Our visit to Dennise and Andy Wright's farm outside Hart, Michigan, on Wednesday yielded a 4-lb, bone-in pork shoulder from their small herd of Tamworth pigs. The Tamworth is an old breed of pig, brown and hairy. They were romping happily in their pasture enclosure when we visited, rooting and wallowing and bathing in their watering tank. I was anxious to taste one and my favorite cut is the shoulder for its deep, unctuous pork flavors. This is the preferred cut for pork barbecue.
Somehow I needed to turn this shoulder into a meal for a dozen people. A classic pulled pork seemed like the obvious choice, although I am far from home and my cooking utensil would have to be the old, rusting Charbroil gas grill on my parents' deck. I would convert it into a smoker by lighting just one of the gas burners, setting it to the lowest possible heat and placing a small aluminum of mesquite chips (no hickory available here in Pentwater) over the burner.
Seasoning the roast also was an improvisation using what was available in the spice cabinet: fajita seasoning, garlic salt, cumin powder, chili powder, some smoke rub, kosher salt, ground black pepper. I mixed about 1/2 cup and massaged it liberally into the meat. Set the meat in a small roasting pan and into the gas grill over the unlit burner.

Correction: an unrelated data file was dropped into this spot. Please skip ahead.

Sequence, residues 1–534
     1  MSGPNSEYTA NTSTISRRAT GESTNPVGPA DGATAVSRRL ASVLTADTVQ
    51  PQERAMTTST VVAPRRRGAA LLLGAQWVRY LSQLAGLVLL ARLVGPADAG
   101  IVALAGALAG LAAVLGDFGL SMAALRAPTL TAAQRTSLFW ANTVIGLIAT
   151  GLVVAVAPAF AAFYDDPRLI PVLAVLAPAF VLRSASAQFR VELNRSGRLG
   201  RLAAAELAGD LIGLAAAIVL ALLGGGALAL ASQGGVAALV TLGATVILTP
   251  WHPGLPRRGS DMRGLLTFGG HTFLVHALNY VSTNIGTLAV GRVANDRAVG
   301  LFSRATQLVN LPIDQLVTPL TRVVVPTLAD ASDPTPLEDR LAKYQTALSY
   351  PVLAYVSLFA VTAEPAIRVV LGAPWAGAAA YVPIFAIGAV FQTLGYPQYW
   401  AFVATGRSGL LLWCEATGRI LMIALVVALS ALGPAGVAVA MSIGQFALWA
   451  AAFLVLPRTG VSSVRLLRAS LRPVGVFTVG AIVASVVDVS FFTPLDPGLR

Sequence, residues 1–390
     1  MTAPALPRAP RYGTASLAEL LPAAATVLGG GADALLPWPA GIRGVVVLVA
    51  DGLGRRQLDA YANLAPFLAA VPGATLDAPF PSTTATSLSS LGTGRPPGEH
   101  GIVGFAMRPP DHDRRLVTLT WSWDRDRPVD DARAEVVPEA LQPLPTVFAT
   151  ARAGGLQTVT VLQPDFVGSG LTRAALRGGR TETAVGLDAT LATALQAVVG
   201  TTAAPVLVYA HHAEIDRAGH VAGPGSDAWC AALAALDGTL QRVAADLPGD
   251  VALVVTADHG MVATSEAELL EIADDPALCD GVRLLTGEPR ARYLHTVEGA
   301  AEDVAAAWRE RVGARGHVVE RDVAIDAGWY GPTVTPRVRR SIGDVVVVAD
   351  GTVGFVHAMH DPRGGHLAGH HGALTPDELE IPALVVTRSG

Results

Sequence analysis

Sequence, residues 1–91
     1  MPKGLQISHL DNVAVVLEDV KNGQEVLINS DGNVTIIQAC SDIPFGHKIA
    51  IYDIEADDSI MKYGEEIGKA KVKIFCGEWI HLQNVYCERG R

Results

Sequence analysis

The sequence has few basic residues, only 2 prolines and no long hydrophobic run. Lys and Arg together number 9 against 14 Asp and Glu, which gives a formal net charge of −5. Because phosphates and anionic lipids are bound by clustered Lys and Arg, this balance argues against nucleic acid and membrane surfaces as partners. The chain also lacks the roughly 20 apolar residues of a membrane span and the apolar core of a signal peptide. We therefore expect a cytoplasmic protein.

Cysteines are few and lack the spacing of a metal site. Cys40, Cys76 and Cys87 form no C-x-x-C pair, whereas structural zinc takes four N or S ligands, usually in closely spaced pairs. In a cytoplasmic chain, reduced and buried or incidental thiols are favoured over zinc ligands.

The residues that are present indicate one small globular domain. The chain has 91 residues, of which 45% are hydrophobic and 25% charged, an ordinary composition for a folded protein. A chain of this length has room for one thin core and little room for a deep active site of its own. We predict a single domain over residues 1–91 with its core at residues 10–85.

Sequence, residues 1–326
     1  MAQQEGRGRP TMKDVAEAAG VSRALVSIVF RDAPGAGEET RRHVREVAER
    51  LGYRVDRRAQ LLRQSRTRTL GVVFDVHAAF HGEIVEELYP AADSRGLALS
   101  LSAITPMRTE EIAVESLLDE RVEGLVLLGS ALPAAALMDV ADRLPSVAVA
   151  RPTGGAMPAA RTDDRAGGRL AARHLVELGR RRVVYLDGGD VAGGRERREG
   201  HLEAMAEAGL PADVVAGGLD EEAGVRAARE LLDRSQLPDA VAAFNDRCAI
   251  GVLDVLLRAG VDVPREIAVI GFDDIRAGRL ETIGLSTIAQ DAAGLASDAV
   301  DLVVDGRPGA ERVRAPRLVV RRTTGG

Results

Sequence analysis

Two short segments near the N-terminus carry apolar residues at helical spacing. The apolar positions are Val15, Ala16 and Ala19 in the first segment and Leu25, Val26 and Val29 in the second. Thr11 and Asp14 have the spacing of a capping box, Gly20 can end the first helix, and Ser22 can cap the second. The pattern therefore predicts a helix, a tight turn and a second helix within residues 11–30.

The pork would cook like this for five hours uncovered (meaning the lid of the grill closed, but nothing covering the meat). After basting the meat every half hour with the pan juices I wrapped the roasting pan in aluminum foil and cooked it another hour just to get the pork good and moist. After cooling on a cutting board for 30 minutes, I removed the bone (it slid away easily) and chopped the meat into small pieces.
I prefer a Carolina-style mustard sauce for this treatment. I poured the pan juices into a sauce pan and skimmed off the fat (about half the liquid). That left about a cup of juice, to which I added perhaps 1/3 cup cider vinegar, 2 tablespoons yellow mustard and 1/2 teaspoon red pepper flakes. Whisk this well, then bring to a boil and cook for a minute or two. Mix the sauce with the meat to taste, or until the pork is just wet enough to hold together and sit on a hamburger bun without falling off (a potato roll would be even better).
Serve any leftover sauce on the side with your favorite cole slaw and corn on the cob.
The Tamworth Pork was worth the trip to find it: dark, fatty and flavorful. There was not a lick leftover. This was leagues ahead of any pork you can find in a store, and everyone noticed.